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Failed revolutions: Mao’s China, Lenin’s Russia, Khomeini’s Iran. Is Egypt next?

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Constitutions play a critical part in revolutions, nowhere more than in Egypt after the miracle of Tahrir Square. The new political order defined by a constitution is what provides the final test of a revolution, not the breathtaking pageantry of demonstrations and martyrdom. The freedom born in Tahrir Square, the nationwide participation in self-government, and the collective rejection of corruption and misrule all deserve to be enshrined in a new constitution that is drafted by the people, not merely for the people.

How to draft a constitution: six steps for the Middle East

Only a constitution written in convention by delegates chosen by the entire Egyptian people through free and internationally supervised elections can assure the continuation of the freedoms that were recovered in Tahrir Square. Only such a constitution can change the freedom won by the protesters from a conditional grant by powerful Egyptian military officers into a universal human right, enjoyed by every Egyptian because he or she is human.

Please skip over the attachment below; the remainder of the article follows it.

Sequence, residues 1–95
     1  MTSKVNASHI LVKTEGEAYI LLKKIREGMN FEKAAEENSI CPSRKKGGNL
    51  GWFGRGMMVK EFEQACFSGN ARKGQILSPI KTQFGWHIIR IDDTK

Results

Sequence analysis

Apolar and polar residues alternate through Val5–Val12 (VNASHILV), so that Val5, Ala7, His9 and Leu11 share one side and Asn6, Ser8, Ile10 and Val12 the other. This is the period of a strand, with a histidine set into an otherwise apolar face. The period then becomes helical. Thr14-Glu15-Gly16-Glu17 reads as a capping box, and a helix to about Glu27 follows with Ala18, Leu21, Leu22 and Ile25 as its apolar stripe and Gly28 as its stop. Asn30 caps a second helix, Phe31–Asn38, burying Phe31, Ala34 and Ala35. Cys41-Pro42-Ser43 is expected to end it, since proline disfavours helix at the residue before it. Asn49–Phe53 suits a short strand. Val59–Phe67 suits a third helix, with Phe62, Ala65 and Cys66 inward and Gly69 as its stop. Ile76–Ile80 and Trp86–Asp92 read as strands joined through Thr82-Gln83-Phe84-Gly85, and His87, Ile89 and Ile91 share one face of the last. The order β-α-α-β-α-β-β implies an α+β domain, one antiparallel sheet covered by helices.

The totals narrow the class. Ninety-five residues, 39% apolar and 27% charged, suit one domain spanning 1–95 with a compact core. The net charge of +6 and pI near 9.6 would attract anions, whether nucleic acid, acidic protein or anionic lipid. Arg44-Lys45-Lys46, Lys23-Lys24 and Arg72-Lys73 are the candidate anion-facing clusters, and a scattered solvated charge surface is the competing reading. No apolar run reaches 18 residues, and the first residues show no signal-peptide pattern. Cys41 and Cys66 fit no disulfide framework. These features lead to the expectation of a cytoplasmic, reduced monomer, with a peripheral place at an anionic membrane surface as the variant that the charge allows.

Weak reforms, weak freedom

It seems that the timidity of Egypt’s military rulers – their fears of losing power, wealth, and privilege – are threatening to turn the country away from what could have been, and still might be, a truly new beginning. Instead of a new order, a commission of experts and their military overseers have proposed constitutional amendments that may return Egypt to the same sad condition of the past, no doubt with some alterations around the edges.

For example: Although it is surely a good thing to widen eligibility for the presidency, and to limit an incumbent to two terms, no change is proposed to the current restrictions on establishing new parties. The Egyptian judiciary is to regain its role in supervising elections, but a new electoral commission is to govern the electoral process, and the powers of both the judiciary and the commission remain “to be determined by law.”

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